The below diagram describes the basic hierarchy of term groups, term sets, and terms. This can be as detailed as you want and there are some great blogs out there on taxonomy and term set management. Definitely do your homework before creating them, but do understand that it’s not an overnight process either.
Under the Managed Metadata Service you have the option to add new groups. These groups allow you to do a lot more granular level provisioning, term set access and term group management control. It is also helpful in targeting specific term sets to specific areas of your platform such as navigation, web apps, and more. Think of a “term group” as a boundary level within the term store and a “term set” as a secondary boundary underneath a term group. Of course the “term” would then be the final boundary underneath the term set.
Using the term store effectively
When creating terms, Microsoft offers some suggestions to use as guidelines. You can of course go beyond the recommended limits, but as with anything the more you have the more you have to manage. Also, if you go beyond the recommended limits, it will become unsupported by Microsoft should you run into any errors.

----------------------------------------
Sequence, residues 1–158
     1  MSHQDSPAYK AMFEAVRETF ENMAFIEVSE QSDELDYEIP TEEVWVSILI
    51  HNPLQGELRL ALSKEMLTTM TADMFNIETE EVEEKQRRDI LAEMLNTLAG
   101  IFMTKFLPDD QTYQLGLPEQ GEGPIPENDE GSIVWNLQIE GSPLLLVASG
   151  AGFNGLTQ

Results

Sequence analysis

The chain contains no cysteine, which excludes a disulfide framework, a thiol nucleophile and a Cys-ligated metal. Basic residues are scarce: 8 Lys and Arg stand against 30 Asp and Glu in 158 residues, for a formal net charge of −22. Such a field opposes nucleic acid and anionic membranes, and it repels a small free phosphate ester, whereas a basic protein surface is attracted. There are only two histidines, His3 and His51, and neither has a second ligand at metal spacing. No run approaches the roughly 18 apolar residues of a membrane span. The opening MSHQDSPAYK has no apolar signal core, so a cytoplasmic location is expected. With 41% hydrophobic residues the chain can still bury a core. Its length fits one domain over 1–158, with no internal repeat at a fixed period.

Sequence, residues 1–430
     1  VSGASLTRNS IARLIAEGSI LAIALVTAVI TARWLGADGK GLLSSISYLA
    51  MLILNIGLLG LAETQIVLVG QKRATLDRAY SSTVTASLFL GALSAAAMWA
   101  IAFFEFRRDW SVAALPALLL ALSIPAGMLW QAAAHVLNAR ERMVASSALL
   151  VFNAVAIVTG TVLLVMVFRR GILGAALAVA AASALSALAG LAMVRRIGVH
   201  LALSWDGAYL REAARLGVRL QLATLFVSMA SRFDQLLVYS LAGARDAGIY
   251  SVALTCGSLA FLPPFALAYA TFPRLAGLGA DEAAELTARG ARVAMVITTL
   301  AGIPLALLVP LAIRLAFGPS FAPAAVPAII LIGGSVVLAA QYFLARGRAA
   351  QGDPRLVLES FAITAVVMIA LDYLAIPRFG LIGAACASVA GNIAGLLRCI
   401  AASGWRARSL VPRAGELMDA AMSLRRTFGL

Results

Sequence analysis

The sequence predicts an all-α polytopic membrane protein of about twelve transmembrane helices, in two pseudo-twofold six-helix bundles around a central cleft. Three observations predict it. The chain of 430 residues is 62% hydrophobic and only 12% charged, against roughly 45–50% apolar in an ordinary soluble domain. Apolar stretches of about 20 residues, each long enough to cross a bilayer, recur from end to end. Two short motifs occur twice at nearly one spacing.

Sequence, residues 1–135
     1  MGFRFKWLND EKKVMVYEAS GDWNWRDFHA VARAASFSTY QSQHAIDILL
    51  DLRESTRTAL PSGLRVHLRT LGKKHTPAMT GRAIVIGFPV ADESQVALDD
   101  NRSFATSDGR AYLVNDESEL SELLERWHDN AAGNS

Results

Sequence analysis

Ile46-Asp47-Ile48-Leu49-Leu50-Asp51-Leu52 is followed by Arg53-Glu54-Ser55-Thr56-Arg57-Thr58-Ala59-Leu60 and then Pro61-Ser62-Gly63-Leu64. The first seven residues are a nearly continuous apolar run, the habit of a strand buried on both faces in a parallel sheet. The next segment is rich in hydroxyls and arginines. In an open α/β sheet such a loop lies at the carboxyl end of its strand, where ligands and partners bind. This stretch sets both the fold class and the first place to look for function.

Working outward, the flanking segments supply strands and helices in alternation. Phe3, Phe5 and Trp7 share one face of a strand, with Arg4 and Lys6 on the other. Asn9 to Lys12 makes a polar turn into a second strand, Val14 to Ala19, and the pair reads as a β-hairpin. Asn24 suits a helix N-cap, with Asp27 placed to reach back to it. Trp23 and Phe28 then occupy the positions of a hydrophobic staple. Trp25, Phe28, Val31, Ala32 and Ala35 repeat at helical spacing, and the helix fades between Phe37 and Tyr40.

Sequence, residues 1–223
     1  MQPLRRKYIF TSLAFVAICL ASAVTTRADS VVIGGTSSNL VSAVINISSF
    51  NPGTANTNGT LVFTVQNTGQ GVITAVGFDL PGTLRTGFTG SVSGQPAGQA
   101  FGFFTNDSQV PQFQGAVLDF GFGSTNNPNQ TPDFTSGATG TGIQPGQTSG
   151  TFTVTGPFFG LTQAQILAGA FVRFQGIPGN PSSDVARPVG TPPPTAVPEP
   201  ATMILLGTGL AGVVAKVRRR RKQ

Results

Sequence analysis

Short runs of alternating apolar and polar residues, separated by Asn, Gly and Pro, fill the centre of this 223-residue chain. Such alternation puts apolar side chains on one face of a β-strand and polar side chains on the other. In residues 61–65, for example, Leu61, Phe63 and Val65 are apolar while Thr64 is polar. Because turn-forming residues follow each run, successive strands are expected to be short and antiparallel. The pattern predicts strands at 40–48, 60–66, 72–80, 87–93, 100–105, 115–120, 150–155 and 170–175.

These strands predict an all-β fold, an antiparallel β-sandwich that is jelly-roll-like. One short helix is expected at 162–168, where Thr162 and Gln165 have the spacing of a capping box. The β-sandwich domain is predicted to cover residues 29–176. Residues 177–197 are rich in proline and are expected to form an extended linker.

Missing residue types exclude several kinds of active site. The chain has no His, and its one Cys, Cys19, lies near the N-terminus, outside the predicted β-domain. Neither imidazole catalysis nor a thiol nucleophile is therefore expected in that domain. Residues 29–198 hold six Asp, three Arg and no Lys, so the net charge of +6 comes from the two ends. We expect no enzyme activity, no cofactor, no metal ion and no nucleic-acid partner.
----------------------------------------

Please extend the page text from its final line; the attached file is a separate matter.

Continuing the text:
|Maximum Number of Nested Terms||
|This means that each term set can have a term; with a term continually drilling down unto you reach six levels deep. (You can go deeper, but it is not supported by Microsoft)|
|Maximum Number of term sets in a term store||
|This means you can have up to 1000 sets with terms underneath them.|
|Maximum recommended number of terms in a term set||
|Microsoft was generous with this number. You can have almost as many terms as you want in a term set. Using labels such as synonyms or translations do not count as separate terms.|
Managing a term group
Within a term group you will have permissions, number of term sets, and the terms underneath that should be planned for. Don’t make it overly complicated, but definitely take some time when exploring how to implement such.
Term Groups: You can assign two levels of permissions for each term group: Managers and Contributors
- A manager has the ability to add and remove users or contributors as well as manage the term sets and terms within the group.
- A contributor has the ability to manger the term sets and terms within the group.
Think of the difference just like giving out site owner and site member roles for OOTB SharePoint Team Sites. Owners can grant permissions to the site as well as add and edit content, while members can only add and edit content, not permissions to the site.